Abigail Westcott's dreams for her future were lost when her father died and she discovered her parents were not legally married. But now, six years later, she enjoys the independence a life without expectation provides a wealthy single woman. Indeed, she's grown confident enough to scold the careless servant chopping wood outside without his shirt on in the proximity of ladies.
But the man is not a servant. He is Gilbert Bennington, the lieutenant colonel and superior officer who has escorted her wounded brother, Harry, home from the wars with Napoleon. Gil has come to help his friend and junior officer recover, and he doesn't take lightly to being condescended to--secretly because of his own humble beginnings.
If at first Gil and Abigail seem to embody what the other most despises, each will soon discover how wrong first impressions can be. For behind the appearances of the once-grand lady and the once-humble man are two people who share an understanding of what true honor means, and how only with it can one find love.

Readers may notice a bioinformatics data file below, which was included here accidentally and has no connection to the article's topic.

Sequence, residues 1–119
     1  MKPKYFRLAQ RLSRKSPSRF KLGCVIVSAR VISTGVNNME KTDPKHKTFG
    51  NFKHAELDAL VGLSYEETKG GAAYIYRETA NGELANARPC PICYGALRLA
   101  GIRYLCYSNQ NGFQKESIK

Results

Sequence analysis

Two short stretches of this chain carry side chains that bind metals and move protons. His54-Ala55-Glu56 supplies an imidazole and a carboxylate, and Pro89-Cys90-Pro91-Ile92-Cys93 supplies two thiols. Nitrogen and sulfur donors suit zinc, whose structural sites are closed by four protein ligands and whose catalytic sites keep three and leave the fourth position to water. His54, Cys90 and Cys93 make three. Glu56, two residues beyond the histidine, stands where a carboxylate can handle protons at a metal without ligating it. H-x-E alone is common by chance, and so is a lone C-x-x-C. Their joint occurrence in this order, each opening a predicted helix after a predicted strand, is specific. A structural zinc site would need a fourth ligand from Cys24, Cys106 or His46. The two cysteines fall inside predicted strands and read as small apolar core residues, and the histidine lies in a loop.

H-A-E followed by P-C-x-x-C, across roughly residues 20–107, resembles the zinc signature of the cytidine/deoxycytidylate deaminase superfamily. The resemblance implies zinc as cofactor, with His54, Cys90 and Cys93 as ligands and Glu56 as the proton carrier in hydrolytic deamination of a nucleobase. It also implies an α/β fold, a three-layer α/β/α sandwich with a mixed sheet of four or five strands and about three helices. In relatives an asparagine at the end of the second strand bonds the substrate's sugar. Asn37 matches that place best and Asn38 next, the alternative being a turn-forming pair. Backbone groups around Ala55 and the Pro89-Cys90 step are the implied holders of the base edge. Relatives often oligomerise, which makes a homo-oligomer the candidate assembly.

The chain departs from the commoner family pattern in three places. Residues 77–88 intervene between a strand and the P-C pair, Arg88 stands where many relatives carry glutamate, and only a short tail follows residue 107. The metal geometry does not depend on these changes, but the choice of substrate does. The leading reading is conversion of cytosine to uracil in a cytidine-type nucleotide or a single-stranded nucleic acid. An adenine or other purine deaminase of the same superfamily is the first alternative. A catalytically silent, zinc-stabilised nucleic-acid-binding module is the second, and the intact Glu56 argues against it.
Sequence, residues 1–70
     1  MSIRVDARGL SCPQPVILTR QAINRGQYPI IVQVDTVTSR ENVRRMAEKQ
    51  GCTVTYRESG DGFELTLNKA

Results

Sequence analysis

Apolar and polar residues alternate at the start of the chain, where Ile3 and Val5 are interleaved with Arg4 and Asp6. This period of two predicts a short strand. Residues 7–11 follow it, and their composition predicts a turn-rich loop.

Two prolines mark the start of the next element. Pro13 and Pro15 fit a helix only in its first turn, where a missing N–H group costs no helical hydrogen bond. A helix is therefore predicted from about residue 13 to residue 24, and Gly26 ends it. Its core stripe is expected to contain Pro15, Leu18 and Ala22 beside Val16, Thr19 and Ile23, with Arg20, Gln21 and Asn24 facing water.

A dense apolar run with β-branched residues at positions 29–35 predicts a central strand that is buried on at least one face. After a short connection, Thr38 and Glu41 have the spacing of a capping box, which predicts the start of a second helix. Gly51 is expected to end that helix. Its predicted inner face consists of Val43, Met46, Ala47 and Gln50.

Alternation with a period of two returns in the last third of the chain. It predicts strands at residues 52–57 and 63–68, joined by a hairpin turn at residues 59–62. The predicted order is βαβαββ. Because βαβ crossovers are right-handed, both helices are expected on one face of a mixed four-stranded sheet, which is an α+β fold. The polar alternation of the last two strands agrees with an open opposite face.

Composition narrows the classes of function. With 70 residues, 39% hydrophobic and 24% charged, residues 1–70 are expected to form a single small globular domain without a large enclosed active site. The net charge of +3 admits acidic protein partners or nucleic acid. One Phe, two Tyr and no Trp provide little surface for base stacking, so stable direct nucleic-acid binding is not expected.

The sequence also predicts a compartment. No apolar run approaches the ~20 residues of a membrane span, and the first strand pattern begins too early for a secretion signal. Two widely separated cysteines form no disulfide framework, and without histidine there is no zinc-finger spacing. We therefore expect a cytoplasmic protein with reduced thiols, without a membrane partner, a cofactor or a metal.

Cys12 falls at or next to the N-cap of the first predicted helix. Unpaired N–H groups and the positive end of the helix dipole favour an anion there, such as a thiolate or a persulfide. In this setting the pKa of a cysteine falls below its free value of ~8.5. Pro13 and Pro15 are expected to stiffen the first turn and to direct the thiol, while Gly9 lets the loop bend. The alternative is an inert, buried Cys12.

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***This excerpt is from an advance uncorrected copy proof***
Copyright © 2019 Mary Balogh
Home at last!
Well, back in England, at least. Twenty months had passed since his last brief, disastrous stay here, after the Battle of Waterloo, in 1815. Now he was back.
But as Lieutenant Colonel Gilbert Bennington, Gil to his friends and acquaintances, disembarked from the packet in Dover after making the night crossing from Calais, he felt only weariness, irritation, and a heavy foreboding that coming home was not going to bring happily-ever-after with it.